Gags, hilarity ensue in satisfying ‘Sex Tape’

Jay (Jason Segel) and Annie (Cameron Diaz) try to rekindle the flame of their love by making a video of themselves. It seems like a great idea – until they discover that their most private video is no longer private.
July 17

Comedy, it seems, is a lot like sex. There’s foreplay, in the form of a set-up, followed by a crescendo of excitement and release created by a mysterious combination of rhythmic repetition and an element of surprise that’s hard to define but easy to recognize when it works. Climax either comes — in the form of laughter — or it doesn’t.

By that measure, “Sex Tape,” about a married couple whose intimate home movie has been accidentally shared with the world, satisfies, albeit in a way that’s less than earth-moving. There are recurring gags — some of which work and some of which don’t — and one very nice surprise. Rob Lowe (who, as it happens, was once the star/victim of his own sex tape) nearly steals the show in a hilariously demented cameo that is — I’m sorry, but there’s no other way to say it — the comic orgasm of the movie.

But first, the foreplay.

Jason Segel and Cameron Diaz play Jay and Annie, whose boudoir routine has become, well, routine, after having two kids. To spice up their love life, they decide to make a video of themselves having sex, which Jay inadvertently shares when he syncs his iPad with an unknown number of iPads that he has given away as presents. From that point on, the movie is about Jay and Annie’s attempts to track down and delete the copies of the offending video.

But getting to that part takes a while longer than is, strictly speaking, necessary. A substantial chunk of “Sex Tape” is devoted to flashbacks of Jay and Annie in college, when they were, the movie assures us, randy little sex weasels. The movie contains a fair amount of naked derrieres, both his and hers, and contortions you should probably not try at home.

Other scenes introduce some of Annie and Jay’s married friends, including a couple played by Rob Corddry and Ellie Kemper. Although necessary for exposition, these scenes are hardly hilarious.

But there also needs to be a reason for the couple to be so upset about the release of their tape. After all, these days, sex videos are rarely career-enders.

That’s where Lowe enters the picture, in the role of Hank Rosenbaum, the chief executive of a family-oriented toy company that’s considering hiring Annie as a blogger and social-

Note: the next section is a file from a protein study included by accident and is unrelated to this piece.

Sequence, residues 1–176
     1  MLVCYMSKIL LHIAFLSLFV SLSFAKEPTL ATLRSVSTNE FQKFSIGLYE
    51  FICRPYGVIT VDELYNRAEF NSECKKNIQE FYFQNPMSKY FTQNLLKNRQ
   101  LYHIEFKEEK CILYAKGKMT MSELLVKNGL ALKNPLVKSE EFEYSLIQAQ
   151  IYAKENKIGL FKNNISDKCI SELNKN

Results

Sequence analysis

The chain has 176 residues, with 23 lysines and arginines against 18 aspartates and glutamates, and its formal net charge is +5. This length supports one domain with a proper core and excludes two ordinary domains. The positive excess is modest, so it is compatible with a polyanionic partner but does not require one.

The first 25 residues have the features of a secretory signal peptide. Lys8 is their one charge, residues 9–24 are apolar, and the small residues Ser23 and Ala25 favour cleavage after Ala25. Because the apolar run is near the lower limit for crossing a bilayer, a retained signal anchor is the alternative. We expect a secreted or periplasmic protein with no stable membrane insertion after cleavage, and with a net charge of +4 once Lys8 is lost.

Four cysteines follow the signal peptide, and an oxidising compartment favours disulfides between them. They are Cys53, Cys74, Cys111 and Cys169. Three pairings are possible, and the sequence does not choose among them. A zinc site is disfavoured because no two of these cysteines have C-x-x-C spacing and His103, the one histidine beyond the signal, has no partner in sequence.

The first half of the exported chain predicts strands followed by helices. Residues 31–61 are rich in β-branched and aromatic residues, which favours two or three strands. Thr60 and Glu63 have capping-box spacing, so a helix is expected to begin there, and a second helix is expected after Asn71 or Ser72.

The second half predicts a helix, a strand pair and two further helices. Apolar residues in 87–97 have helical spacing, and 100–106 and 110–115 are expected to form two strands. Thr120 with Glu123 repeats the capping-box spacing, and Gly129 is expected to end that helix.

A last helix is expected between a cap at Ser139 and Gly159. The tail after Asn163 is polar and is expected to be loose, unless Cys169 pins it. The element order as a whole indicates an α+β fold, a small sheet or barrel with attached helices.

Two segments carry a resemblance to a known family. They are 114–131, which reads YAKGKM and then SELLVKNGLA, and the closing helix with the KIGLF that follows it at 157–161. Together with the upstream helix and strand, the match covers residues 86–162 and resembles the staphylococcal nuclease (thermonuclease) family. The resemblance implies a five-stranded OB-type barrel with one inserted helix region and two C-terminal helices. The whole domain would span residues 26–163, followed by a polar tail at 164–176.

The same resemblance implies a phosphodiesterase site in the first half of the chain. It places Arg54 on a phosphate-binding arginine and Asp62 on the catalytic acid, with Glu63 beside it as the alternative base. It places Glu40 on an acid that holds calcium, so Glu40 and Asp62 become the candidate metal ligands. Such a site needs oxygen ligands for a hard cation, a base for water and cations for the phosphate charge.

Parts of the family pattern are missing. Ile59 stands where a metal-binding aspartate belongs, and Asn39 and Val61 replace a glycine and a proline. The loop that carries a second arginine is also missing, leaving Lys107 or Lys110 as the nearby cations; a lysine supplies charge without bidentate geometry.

media marketer. Because the job depends on a wholesome image, Annie is worried that Hank — who was given one of those tainted iPads containing her job proposal — will be too shocked to hire her if he sees the video.

This is when the movie gets good.

Annie and Jay visit Hank’s home, where the plan is for Jay to look for the iPad while Annie distracts Hank. Hank, however, turns out to be a tattooed, cocaine-using freak whose mansion, which is decorated with portraits of Hank in the guise of various animated Disney characters and stocked with sex paraphernalia, is guarded by an attack dog.

Too over the top? Not hardly. This extended sequence, which defies all logic, restraint and good taste, is the film’s centerpiece, and Lowe’s performance is great, good-natured fun.

It’s all downhill from there. Despite another late cameo — by an uncredited actor, the mention of whose name would only ruin the delight of seeing him play a porn entrepreneur — the movie’s last 30 minutes feel anticlimactic, after Lowe’s tour de force.

Segel and Diaz are gifted and game comedians, with a lot of audience appeal. But Lowe clearly upstages them, consummating their “Sex Tape” — and making you want to roll over and have a cigarette — while there’s still one reel to go.

Sex Tape

★ ★ ½

(90 minutes, at area theaters) is rated R for sex, nudity, vulgarity and drug use.

Born and raised in Washington, D.C., Michael O’Sullivan has worked since 1993 at The Washington Post, where he covers art, film and other forms of popular — and unpopular — culture.
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